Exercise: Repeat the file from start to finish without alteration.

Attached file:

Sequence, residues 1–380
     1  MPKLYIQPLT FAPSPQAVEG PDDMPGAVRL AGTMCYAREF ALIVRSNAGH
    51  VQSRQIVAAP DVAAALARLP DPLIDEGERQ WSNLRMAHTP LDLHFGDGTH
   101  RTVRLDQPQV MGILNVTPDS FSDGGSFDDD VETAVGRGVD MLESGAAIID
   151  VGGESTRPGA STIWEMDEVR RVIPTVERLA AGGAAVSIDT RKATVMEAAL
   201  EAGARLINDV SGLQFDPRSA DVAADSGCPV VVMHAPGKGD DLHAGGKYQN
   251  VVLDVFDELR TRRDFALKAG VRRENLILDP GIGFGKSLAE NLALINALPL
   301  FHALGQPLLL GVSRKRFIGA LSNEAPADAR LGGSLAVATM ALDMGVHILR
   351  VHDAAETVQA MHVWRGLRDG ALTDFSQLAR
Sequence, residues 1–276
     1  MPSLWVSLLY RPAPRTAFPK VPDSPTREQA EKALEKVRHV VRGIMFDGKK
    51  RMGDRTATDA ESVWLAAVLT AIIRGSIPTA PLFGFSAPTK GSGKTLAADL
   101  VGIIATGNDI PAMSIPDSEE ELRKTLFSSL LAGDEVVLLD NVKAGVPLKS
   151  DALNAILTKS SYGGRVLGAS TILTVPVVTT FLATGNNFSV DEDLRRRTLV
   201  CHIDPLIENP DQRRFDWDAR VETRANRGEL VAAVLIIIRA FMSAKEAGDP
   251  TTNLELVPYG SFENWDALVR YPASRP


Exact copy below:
Sequence, residues 1–380
     1  MPKLYIQPLT FAPSPQAVEG PDDMPGAVRL AGTMCYAREF ALIVRSNAGH
    51  VQSRQIVAAP DVAAALARLP DPLIDEGERQ WSNLRMAHTP LDLHFGDGTH
   101  RTVRLDQPQV MGILNVTPDS FSDGGSFDDD VETAVGRGVD MLESGAAIID
   151  VGGESTRPGA STIWEMDEVR RVIPTVERLA AGGAAVSIDT RKATVMEAAL
   201  EAGARLINDV SGLQFDPRSA DVAADSGCPV VVMHAPGKGD DLHAGGKYQN
   251  VVLDVFDELR TRRDFALKAG VRRENLILDP GIGFGKSLAE NLALINALPL
   301  FHALGQPLLL GVSRKRFIGA LSNEAPADAR LGGSLAVATM ALDMGVHILR
   351  VHDAAETVQA MHVWRGLRDG ALTDFSQLAR
Sequence, residues 1–276
     1  MPSLWVSLLY RPAPRTAFPK VPDSPTREQA EKALEKVRHV VRGIMFDGKK
    51  RMGDRTATDA ESVWLAAVLT AIIRGSIPTA PLFGFSAPTK GSGKTLAADL
   101  VGIIATGNDI PAMSIPDSEE ELRKTLFSSL LAGDEVVLLD NVKAGVPLKS
   151  DALNAILTKS SYGGRVLGAS TILTVPVVTT FLATGNNFSV DEDLRRRTLV
   201  CHIDPLIENP DQRRFDWDAR VETRANRGEL VAAVLIIIRA FMSAKEAGDP
   251  TTNLELVPYG SFENWDALVR YPASRP